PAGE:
Open captions


Captions are either open or closed. Open captions are always viewed as permanent alternative text in a video and cannot be turned off, whereas the viewer can turn closed captions on and off.

For the video displayed on television sets, special devices called decoders must be available to view closed captions.


In 1949, British producer J. Arthur Rank etches open captions onto glass slides, which appear on a smaller screen in the lower left-hand corner of the main screen. When the film Dawn Departure, which contains Rank's method of captioning, has its premier showing in London, it's reported that several hundred deaf people line up to gain entrance to the theater. These open captions prompted the creation of Captioned Films for the Deaf (CFD).

CFD began purchasing films in 1951 to caption, and there were incorporated into law in the state of Connecticut by 1955.

In 1958, we saw the Captioned Films Act of 1958 to provide the Department of Health, Education, and Welfare with a loan service for captioned films for the deaf.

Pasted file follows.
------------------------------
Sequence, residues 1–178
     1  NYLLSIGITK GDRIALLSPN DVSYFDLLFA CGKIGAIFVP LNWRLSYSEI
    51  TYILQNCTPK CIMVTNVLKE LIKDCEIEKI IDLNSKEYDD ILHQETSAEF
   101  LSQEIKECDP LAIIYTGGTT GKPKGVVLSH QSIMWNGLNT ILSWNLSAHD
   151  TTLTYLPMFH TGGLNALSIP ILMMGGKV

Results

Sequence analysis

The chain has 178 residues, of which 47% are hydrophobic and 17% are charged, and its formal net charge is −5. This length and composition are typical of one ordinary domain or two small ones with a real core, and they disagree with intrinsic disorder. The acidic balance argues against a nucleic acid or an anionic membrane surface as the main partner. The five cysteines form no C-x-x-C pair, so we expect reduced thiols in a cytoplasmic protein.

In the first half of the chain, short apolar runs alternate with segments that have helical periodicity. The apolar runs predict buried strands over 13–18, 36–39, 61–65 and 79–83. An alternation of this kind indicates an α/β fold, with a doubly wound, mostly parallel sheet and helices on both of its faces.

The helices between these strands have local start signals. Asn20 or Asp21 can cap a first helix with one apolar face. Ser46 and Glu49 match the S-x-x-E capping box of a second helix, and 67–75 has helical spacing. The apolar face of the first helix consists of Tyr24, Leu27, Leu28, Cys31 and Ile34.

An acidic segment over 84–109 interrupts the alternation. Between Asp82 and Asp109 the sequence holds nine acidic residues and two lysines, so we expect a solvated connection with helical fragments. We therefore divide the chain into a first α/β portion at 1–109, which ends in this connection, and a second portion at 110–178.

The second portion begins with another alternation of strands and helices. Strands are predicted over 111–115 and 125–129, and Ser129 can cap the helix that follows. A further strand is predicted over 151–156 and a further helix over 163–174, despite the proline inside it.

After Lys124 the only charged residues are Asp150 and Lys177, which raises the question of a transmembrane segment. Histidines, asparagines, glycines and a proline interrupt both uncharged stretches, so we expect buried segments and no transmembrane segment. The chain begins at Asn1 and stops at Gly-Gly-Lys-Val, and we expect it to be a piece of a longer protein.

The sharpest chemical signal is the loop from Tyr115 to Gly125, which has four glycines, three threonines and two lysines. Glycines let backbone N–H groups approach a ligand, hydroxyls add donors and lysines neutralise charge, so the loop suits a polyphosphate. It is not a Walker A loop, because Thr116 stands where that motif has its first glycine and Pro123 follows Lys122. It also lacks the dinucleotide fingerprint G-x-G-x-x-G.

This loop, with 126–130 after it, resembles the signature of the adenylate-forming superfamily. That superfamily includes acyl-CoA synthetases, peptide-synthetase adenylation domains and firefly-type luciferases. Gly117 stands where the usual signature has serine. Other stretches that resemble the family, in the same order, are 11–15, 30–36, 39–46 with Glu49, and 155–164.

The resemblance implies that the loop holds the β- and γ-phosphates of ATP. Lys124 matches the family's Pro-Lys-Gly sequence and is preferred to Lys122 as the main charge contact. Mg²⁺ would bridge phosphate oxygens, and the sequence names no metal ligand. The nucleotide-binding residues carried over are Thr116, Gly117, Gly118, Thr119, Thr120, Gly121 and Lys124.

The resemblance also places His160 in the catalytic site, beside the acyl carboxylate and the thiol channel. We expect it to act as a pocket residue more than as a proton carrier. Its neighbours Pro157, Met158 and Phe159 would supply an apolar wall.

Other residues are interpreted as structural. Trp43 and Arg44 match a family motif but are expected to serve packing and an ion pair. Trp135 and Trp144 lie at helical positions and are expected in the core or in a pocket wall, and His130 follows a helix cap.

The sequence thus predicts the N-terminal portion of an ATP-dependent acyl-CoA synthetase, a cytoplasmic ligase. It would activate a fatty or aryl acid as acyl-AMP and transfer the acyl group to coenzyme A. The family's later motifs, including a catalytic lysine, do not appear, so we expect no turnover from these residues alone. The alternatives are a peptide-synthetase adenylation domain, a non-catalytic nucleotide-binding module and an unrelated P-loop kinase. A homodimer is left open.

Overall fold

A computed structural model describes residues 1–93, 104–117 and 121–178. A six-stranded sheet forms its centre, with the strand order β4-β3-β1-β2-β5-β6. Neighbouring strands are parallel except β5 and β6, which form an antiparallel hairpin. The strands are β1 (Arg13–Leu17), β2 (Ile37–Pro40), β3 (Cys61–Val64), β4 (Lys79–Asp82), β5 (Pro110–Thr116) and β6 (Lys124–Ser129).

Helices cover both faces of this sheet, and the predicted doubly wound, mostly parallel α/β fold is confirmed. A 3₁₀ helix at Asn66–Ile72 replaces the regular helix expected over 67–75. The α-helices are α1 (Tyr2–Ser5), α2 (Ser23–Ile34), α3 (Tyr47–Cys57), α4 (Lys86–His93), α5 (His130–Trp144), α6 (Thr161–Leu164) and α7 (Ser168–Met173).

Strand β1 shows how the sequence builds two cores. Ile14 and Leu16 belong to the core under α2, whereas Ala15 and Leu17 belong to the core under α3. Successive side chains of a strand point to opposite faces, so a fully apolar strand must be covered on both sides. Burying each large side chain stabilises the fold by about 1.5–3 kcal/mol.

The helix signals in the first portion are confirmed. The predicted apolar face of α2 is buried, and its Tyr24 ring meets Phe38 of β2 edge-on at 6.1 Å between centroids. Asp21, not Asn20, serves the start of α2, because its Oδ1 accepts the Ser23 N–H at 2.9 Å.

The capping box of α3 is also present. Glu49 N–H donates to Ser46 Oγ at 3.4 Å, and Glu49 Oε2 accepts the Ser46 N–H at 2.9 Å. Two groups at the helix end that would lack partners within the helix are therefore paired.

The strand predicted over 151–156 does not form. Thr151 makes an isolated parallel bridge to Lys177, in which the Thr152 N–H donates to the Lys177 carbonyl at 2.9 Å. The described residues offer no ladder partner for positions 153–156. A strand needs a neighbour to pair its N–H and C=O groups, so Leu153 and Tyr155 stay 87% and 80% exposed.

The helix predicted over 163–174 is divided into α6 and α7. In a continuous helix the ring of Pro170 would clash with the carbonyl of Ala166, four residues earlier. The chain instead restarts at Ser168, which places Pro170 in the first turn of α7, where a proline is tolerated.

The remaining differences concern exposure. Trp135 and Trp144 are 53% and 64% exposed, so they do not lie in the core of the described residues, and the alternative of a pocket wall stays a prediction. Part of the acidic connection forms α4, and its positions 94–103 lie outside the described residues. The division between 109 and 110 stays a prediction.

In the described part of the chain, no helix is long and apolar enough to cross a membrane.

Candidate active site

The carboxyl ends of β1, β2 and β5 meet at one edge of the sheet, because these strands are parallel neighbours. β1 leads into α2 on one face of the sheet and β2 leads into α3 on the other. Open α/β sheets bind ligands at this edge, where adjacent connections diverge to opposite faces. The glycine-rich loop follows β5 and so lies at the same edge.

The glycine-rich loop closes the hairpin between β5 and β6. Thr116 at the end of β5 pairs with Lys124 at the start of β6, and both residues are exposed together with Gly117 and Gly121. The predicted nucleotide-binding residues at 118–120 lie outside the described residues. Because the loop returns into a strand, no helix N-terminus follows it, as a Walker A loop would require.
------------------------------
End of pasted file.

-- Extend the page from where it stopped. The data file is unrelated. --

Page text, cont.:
Once the Captioned Films Act of 1958 was established, educational films began to receive open captions.

In 1971, the TV "captioning industry," with the Captioning Center (now Media Access Group at WGBH), is formed.

In 1972, “The French Chef” with Julia Child was the first open captioned program to air, meaning that the captions appear to everyone watching and cannot be turned off.

The Described and Captioned Media Program, the nation’s leading source of accessible educational videos, has a complete timeline of historical moments related to making film more inclusive for those with hearing impairments.


Open captions are also known as permanent alternative text overlayed on videos.